Q & A about Artificial Intelligence

This is an interview of Joanna Bryson of MIT and the University of Edinburgh, done by Cynthia Kinnan of Golden, Colorado in 1998.

Hi. I am a high school student from Golden, CO, and I am writing a term paper on artificial intelligence, namely the technological and social hurdles that preclude its development. AI is a topic that has interested me for many years, and I would really appreciate it if you could take to time to answer some questions that I would like to address in my paper, or if you could forward this letter to someone who might be able to do so. It would be tremendously helpful. Thanks in advance for your time.

  • Do you think a machine will ever be truly sentient? Why?
    Unfortunately, this is impossible to answer, because people don't understand what "truly sentient" means. Philosophy has been working on this for a long time. Many people, including the philosopher Dan Dennett, hope that we can use machines to help us understand what it means to be human. You might look at Dennett's web page too.

  • Do you think that the difference between the human brain and a computer is a fundamental one that can never be overcome. Or, is it merely a difference of complexity, one that can be surmounted?
    It certainly is a fundamental one we're never likely to fully overcome (genetic engineering would get there first even if we tried!), but whether that matters depends on what you want from AI. Don't forget, we already have AI! If you showed people 100 years ago the calculator you own, they would have called that intelligent and frighteningly human. Let alone machines playing chess! That we don't think of this as true AI now is part of what I said in the previous paragraph. We are redefining what we think it means to be human as we explore machines.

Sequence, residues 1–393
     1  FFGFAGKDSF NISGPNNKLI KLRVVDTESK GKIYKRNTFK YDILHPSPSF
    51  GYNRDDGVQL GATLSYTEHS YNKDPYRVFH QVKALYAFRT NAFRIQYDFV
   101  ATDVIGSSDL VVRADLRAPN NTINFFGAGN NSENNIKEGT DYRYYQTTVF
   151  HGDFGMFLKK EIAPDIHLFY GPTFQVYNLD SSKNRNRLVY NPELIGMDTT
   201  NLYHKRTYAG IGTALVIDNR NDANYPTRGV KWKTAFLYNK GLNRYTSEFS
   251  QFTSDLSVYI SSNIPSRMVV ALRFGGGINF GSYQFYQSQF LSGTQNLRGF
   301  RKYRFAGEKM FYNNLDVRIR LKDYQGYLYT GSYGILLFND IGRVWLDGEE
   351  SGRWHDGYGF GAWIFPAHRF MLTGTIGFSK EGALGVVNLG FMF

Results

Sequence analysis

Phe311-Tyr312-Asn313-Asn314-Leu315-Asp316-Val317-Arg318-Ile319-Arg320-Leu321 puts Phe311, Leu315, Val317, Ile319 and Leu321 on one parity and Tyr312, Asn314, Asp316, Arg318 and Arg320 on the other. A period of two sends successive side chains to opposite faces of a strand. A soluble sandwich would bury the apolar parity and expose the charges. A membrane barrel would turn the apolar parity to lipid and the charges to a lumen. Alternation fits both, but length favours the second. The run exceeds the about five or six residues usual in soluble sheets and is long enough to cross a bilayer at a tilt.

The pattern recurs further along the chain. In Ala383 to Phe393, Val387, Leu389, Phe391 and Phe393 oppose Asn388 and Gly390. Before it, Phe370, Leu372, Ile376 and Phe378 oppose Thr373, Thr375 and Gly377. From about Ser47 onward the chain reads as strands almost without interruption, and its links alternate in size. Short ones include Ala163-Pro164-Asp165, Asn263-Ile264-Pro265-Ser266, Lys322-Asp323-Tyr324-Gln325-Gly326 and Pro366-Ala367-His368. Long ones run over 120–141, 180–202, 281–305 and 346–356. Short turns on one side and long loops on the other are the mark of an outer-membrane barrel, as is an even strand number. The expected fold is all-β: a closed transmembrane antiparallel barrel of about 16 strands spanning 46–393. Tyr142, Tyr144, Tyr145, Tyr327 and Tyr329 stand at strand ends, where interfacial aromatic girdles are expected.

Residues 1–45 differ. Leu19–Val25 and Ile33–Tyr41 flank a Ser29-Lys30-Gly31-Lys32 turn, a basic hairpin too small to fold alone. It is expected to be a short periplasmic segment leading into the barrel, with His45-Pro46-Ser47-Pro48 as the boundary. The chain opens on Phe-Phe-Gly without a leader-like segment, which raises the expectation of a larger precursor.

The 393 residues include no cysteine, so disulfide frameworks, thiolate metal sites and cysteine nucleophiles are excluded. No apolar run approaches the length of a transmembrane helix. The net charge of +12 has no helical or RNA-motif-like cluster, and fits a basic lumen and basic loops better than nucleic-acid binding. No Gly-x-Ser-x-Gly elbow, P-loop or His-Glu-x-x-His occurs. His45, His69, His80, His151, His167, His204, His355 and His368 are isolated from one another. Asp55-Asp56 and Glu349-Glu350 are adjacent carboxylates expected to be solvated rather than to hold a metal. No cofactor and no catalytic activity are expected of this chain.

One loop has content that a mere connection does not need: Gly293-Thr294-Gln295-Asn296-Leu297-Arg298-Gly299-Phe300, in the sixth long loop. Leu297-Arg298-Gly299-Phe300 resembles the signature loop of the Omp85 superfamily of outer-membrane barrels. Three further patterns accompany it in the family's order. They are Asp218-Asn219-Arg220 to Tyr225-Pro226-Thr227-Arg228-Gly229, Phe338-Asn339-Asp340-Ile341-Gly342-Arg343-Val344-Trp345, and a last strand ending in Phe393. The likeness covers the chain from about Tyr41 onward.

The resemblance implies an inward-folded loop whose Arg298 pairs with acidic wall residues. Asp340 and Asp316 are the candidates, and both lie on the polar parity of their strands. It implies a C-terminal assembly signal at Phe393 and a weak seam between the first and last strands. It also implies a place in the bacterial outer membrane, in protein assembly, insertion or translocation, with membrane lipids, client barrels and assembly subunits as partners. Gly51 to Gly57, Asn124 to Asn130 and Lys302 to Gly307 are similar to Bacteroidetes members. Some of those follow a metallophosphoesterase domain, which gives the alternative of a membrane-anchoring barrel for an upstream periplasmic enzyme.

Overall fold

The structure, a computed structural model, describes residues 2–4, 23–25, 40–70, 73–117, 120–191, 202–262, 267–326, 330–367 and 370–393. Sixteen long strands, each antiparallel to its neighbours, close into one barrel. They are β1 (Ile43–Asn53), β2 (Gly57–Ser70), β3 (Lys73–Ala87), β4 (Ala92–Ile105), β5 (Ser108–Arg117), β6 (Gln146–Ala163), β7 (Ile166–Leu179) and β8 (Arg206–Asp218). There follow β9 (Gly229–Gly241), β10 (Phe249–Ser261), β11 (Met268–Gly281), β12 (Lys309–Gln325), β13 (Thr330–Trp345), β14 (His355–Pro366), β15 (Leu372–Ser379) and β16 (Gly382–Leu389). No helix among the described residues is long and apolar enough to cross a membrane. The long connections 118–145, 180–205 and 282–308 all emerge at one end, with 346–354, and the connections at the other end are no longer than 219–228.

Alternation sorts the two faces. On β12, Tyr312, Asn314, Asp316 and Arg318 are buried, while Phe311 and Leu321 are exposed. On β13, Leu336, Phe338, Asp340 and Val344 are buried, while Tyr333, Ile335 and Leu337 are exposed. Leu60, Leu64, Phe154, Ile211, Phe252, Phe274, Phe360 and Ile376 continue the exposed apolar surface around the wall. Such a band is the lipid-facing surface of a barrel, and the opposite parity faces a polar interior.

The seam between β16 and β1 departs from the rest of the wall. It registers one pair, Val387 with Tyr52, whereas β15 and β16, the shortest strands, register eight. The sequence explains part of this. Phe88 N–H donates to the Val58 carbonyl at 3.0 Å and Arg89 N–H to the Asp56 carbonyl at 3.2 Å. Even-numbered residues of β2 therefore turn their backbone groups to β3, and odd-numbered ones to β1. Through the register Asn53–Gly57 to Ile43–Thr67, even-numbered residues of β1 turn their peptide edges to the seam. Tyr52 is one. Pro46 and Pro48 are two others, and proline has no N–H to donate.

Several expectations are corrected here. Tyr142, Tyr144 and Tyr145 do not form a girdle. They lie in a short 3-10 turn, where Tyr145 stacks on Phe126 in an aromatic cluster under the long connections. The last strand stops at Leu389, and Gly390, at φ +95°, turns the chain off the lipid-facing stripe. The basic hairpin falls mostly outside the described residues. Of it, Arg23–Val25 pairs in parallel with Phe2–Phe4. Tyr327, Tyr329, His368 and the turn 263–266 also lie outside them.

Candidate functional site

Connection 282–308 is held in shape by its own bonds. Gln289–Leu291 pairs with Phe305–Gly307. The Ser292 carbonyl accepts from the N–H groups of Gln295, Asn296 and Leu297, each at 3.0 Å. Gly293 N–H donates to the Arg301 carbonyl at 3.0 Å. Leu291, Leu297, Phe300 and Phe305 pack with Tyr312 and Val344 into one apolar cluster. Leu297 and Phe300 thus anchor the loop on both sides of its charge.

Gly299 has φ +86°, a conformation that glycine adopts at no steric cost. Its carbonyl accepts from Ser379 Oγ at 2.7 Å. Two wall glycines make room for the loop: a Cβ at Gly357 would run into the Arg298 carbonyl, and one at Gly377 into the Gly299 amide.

• What caused you to become interested in AI?
    I was interested in psychology first, and I was good with computers. I think AI's a great way to study natural intelligence (and also fun.)

  • What are your feelings about the concern that AI would render humans obsolete, or that intelligent machines would turn on their creators?
    This is a danger, just like atomic bombs, crashing trains, failing water and power systems are all dangers. We have to be careful when we create powerful machines. But the critical thing to remember is that we are the ones who create these machines! AI is already in our society -- it makes video cameras work better, helps computer companies design boards, and helps credit card companies recognize when someone's using a stolen card. It would be downright silly of us to write a program to make ourselves "obsolete." Of course, AI may make certain jobs unnecessary, but this is true of industry in general. Essentially, we have to decide for ourselves whether we write music because we want to hear good music, or we write music because we enjoy writing it (for example.) We have to decide what we want to do for ourselves.

    Of course, not everyone gets to make all the decisions! Many craftsmen would have liked factories to never have been invented. Though, of course, now most people in industrial countries are much wealthier than they were before there were factories, some people starved when they lost their job. So I don't mean to totally trivialize this question. But in general I think people are more scared of AI than they need to be, because they over-identify with the computers. They think that anything intelligent must be human, which of course isn't true.

    My greatest fear then is that, if we did find the kind of knowledge that could help us save life and lives, that the wrong people might use it to take away life and liberty. This is the threat of any new technology -- they are used both for good and for bad purposes. But right now, the threats of doing nothing seem worse.

  • If AI is developed, will it be aware? Why? Also, would we have the right to exploit the labor of sentient, albeit artificial, beings, or would they deserve the same rights as humans?
    I really don't think it makes sense for us to create beings that it wouldn't be right to "exploit." The problem is, people feel empathy for random things, like stuffed animals, but then don't worry about homeless people or people living in other countries. In other words, many of our ethical instincts are just wrong. I think that we need to address this intellectually, and realize that basically, we have no ethical obligation to a machine beyond the extent to which that machine is helping people or is a work of art.
  • Good luck, and I hope you study AI some more, either as a programmer or as a social scientist!

    For more information on AI, and a more formal treatment of AI and ethics, go here .

    Update in 2003, Cynthia Kinnan became a Marshall Scholar. Congratulations!

    page date: February 12, 1998
    page author: Joanna Bryson
    photo credit: Laird Popkin